The topic of my essay seems to suggest that the two entities are a world apart. To quite an extent, they are.
Pakistan is an overwhelmingly Muslim nation, often at odds with its secular-in-proclamation-Hindu-in-practice neighbour India, with both having flexed their muscles much at each other. Pakistan is also renowned as a nation producing well known cricketers, with its current prime minister among the top world class players. And infamously, Pakistan is also alleged by many as a country harbouring terrorists. These are all broadly masculine traits: the street stomping long bearded mullahs, the gallant army, the classy cricketers and the terrifying terrorists.
The other entity is quite the opposite. Frailty, thy name is woman has been an apt description of an average Pakistani female, until now. Why the image may have changed will come as the discourse progresses in its natural evolution.
A woman in Pakistan, in the past and even today, has probably solely carried the burden of honour, faith and respect in the society. So much that for a family’s honour, she would be stripped of her own integrity. For a household’s honour, her blood would be shed. For the honour of a figurehead, her life would be tumbled upside down. After all, it is women who are a symbol of honour as well as dishonour for a family.
For to fatally wound the honour of a family, it can be abused by naming all possible relations which are practiced by a woman. A man’s act of evil can be dismissed, since boys will be boys. But a show of independence, a free mind or even making a decision by a woman can seriously challenge the honour of a family.
It was to restore such an honour, that Qandeel Baluch was murdered. In life, she may have been ridiculed. In death, her brother’s ‘noble’ act iconised her identity. Whether she dwells in heaven or rots in hell, Qandeel Baluch has become a symbol of fallen honour as well as that of defiance.
It was to bring back such a lost honour, that Mukhtaran Mai was raped. But she did not die. She lived on, spoke and demanded justice. After a long struggle, justice was indeed delivered when her rapists were sentenced. Mukhtaran continues to work for women’s welfare today.
Thus, there are two faces of a Pakistani woman. A woman in Pakistan may be denied education, right to marry, right to live independently and take decisions for her life. She may be forced to suffer abuse in the form of wicked words as well as physical torture.
And at the same time, a woman in Pakistan or belonging to Pakistan may also question when she is denied a right. Malala Yusufzai may have to flee the country in order to live, but her quest for education – for her self as well as for many others like her, in Pakistan and around the world, continues.
A woman in Pakistan is also known to stand up and say enough to the many boundaries which are drawn around her. To answer the abuses hurled at her, she may unleash a selection of words which can leave the listener speechless. Be it a discussion at home or at work or even on the street, like the Aurat March, a Pakistani woman also has the courage to say, that morality is not confined to her only.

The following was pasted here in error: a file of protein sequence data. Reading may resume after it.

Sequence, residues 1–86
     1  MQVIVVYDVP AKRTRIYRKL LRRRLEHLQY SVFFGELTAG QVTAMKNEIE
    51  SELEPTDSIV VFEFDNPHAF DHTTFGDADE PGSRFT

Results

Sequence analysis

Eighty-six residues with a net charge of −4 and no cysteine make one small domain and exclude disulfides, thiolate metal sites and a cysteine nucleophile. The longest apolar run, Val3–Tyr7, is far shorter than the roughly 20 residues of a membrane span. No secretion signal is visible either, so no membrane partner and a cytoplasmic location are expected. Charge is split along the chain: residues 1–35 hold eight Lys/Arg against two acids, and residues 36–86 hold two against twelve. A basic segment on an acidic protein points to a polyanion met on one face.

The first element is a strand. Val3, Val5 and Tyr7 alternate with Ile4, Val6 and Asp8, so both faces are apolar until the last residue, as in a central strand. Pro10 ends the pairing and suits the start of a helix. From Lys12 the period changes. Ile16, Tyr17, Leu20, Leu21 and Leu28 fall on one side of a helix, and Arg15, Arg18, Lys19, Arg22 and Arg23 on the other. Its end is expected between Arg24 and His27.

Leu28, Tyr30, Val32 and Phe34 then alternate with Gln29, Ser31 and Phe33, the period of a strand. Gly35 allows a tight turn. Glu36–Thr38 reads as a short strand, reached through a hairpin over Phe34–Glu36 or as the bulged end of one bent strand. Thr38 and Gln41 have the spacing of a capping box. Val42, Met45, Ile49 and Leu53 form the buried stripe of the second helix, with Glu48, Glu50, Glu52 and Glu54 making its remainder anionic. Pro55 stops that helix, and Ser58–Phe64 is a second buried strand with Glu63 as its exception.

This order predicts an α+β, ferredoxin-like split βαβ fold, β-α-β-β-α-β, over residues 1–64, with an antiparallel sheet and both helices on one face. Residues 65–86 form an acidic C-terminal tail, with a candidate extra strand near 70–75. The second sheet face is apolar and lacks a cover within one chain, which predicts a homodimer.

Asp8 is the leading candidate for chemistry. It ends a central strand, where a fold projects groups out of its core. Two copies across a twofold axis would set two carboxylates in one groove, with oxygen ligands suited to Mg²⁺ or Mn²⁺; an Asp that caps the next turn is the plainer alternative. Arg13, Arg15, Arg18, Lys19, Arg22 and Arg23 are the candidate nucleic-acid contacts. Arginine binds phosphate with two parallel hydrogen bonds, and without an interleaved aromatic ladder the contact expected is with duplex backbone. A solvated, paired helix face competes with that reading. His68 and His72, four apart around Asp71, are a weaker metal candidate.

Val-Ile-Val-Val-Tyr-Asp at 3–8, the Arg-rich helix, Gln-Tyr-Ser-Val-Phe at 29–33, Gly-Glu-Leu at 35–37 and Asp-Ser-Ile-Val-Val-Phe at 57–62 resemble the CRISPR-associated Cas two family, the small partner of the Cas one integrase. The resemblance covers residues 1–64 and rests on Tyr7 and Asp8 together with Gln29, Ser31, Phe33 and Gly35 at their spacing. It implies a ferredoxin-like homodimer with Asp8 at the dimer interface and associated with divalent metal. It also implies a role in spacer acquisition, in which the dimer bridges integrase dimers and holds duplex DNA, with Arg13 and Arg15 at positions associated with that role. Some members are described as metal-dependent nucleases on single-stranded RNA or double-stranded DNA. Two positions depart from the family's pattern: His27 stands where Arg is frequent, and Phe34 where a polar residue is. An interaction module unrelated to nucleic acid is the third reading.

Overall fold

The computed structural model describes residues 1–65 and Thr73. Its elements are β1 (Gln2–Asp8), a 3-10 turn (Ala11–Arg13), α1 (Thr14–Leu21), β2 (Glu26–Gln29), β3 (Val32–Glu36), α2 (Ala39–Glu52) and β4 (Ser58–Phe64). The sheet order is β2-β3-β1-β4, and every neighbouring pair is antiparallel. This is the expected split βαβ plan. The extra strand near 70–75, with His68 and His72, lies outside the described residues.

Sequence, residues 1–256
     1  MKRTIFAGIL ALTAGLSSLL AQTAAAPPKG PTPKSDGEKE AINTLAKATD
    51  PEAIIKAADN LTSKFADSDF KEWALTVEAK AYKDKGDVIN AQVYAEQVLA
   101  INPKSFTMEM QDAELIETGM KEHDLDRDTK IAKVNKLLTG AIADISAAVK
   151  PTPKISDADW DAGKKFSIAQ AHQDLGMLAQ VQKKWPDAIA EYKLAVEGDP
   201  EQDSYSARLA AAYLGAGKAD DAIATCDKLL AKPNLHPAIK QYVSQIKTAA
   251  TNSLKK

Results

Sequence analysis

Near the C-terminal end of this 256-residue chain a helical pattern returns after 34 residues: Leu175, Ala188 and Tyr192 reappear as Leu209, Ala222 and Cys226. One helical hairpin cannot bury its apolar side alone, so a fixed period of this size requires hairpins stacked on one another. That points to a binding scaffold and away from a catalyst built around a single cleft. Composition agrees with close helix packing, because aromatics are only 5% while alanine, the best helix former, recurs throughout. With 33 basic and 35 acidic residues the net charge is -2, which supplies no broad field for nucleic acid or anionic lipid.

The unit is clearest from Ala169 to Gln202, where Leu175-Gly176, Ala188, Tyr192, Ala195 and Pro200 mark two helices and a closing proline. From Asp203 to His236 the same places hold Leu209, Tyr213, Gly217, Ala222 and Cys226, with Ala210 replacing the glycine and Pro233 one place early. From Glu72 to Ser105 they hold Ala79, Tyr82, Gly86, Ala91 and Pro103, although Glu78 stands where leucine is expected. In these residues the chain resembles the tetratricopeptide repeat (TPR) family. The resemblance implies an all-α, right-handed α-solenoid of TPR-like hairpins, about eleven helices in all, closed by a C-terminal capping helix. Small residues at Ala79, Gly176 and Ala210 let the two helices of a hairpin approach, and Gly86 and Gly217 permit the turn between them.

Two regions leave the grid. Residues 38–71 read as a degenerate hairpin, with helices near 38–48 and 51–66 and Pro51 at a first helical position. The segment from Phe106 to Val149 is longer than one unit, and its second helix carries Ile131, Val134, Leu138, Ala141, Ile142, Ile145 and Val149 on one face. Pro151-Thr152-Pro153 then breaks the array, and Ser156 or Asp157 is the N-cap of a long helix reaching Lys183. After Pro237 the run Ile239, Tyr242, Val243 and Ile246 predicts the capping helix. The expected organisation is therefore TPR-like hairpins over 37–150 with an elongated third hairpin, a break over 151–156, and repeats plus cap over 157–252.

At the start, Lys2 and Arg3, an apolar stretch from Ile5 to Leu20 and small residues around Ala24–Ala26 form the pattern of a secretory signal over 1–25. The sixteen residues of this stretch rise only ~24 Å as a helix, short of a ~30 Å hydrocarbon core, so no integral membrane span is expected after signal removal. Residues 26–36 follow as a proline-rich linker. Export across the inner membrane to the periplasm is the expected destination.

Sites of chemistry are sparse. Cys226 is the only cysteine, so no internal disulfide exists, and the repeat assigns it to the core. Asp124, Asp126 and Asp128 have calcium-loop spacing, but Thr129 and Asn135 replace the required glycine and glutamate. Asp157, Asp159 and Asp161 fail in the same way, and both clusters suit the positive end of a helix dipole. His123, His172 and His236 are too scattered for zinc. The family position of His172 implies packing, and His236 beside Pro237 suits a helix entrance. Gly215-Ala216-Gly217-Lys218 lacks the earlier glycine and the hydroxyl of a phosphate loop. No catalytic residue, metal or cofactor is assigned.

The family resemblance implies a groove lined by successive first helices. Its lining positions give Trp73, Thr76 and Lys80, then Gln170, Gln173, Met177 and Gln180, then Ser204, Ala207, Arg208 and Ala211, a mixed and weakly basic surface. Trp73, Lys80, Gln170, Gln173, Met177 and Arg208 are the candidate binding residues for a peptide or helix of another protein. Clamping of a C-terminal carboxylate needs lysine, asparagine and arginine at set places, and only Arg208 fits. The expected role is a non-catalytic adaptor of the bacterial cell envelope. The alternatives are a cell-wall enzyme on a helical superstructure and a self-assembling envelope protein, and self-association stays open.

If a Pakistani woman is submissive, she can also be the face of resilience. If a woman in Pakistan can be restricted within her home, she can also practice at will her right to freedom and conquer mountains.
In Pakistan, a woman can be a symbol of beauty, loyalty, faithfulness and sacrifice. At the same time, she can denote success, vitality, intellect and skill.
A Pakistani woman, on the whole, is neither a feminist nor a conservative. She is not entirely a conformist nor wholly a rebel.
The woman of Pakistan may be an average daughter, sister or housewife, who remains obscure all her life. Or she could also be Benazir Bhutto, Asma Jahangir, Fehmida Riaz, Razia Bhatti, Sana Mir or Samina Baig.
Here I would like to quote a female writer, although not a Pakistani, but in fact, an Indian. In one of her recent writings, Arundhati Roy commented on her native land as “a country that lives in several centuries simultaneously.” This is how I would like to sum up a woman in Pakistan: an entity who lives simultaneously in several eons. She may be the one who still holds on to tradition, to patriarchy and her values. She may also be the one, who while fulfilling all her roles may start questioning their futility. Or she may be the one, who aims to define her role herself and not be answerable to any question or rooted by a culture. Her silence, suppression, struggles andsuccesses, live and breathe side by side.
Women and Pakistan, may be the same or may be separate. But in a man’s world, it is the woman of Pakistan, who harmonises as well as enjoys prominence.
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